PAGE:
Abu Dhabi, UAESunday 26 May 2019

Unscrupulous Filipino recruiters lie to workers about jobs and destinations

This illegal practice is called re-processing, which occurs when one hires a waitress, for example, but gives her a different job when she arrives in the country.

ABU DHABI // Unscrupulous Filipino recruiters are driven by greed to send workers to the wrong or non-existent jobs overseas.

“This illegal practice was particularly rampant in 2008, when there was a surge in the deployment of household service workers to Dubai,” said Emmanuel Geslani, an overseas recruitment consultant in Manila. “Many recruitment agencies are still involved in it, largely due to greed and a lack of business.”

Several women were hired as chambermaids, waitresses and office staff, but ended up as domestic workers when they arrived in the UAE.

The practice is commonly called reprocessing – which occurs when recruiters use a particular job or manpower request to hire a waitress, for example, but gives the person hired a different job, such as a housemaid, when she lands abroad. Often, workers are sent to a different country from the one they expected to work in.

“Clients overseas are against the US$400 (Dh1,469) minimum wage set by our government for household service workers, so recruiters resort to reprocessing,” Mr Geslani said.

His comments follow the cancellation of Manila-based Crosswind International’s licence over complaints filed by two overseas workers, Lorena Saligumba and Diana Lalaine Castillo.

Both admitted they left the Philippines with two air tickets, one for Manila to Dubai and another for Dubai to Jordan.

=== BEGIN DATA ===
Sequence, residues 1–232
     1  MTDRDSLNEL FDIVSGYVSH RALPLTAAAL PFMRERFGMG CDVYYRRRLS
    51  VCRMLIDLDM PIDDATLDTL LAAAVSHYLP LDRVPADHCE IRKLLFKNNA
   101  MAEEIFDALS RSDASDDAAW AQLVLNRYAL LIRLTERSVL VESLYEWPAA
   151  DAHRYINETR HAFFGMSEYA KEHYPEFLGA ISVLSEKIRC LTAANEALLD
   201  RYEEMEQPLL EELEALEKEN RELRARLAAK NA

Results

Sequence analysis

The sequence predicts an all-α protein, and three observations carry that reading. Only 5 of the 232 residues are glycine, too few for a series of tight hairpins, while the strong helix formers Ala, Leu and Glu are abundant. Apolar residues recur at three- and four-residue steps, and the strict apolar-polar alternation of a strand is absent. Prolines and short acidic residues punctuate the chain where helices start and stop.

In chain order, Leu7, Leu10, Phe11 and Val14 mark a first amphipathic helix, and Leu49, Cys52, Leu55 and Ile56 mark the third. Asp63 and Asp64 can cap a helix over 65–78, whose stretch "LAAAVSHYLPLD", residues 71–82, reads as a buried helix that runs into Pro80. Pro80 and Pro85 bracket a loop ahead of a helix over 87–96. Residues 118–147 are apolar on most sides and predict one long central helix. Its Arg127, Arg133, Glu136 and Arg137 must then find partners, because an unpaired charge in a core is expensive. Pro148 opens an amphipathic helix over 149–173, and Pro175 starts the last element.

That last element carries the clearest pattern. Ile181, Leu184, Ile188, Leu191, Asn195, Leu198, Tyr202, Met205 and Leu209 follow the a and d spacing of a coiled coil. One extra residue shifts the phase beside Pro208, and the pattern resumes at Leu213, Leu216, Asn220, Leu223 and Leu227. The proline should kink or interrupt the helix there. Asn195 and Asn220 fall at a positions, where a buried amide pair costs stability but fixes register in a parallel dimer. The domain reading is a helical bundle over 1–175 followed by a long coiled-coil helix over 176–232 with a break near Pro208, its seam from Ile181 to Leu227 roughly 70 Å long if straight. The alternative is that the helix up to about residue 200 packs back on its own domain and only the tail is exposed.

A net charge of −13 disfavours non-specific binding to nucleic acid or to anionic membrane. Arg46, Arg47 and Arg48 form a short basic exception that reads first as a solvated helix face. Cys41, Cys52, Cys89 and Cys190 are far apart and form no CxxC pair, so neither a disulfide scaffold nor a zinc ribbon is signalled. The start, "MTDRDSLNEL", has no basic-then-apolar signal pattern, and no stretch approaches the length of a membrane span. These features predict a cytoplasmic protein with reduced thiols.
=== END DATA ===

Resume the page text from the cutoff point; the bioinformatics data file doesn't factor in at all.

Ms Saligumba, in her affidavit, said she was hired as a food server in the UAE, but ended up a housemaid in Jordan. She escaped from her abusive employers by jumping out of a window, according to the Philippine Overseas Employment Administration (POEA), a government agency in Manila.

Ms Castillo was promised a job as a cleaner in the UAE but found herself working as a housemaid in Jordan. She complained of “mistreatment and severe physical abuse” by her employers.

Hans Cacdac, the head of the POEA, said Crosswind committed “acts of misrepresentation” when it recruited and sent the women to work in the Middle East. It also breached the policy on pre-departure orientation seminars, which serve as an introduction to working and living abroad for those about to take jobs overseas.

“Misrepresentation means that they [the companies] fooled the system by making it appear that the women would be working in the UAE when their intention was to send them to Jordan as housemaids,” said Delmer Cruz, the labour attache in Dubai.

“I have encountered cases of Filipinas hired as clerks and office secretaries but ended up as housemaids here in Dubai.”

Workers are issued fake employment visas that they present to Philippine immigration authorities. They dispose of the visas upon arrival in Dubai and instead show immigration officials UAE tourist visas, and are then illegally employed as housemaids.

“One way to prevent reprocessing is to impose sanctions, which the POEA is now doing by cancelling the licences of recruitment agencies,” Mr Geslani said. “But it appears that agencies want to make more money to avoid complying with the reform package. ”

In December 2006, a reform initiative from the POEA required that household staff be paid a minimum monthly wage of $400, be at least 23 years old and not be charged placement fees.


Updated: September 28, 2013 04:00 AM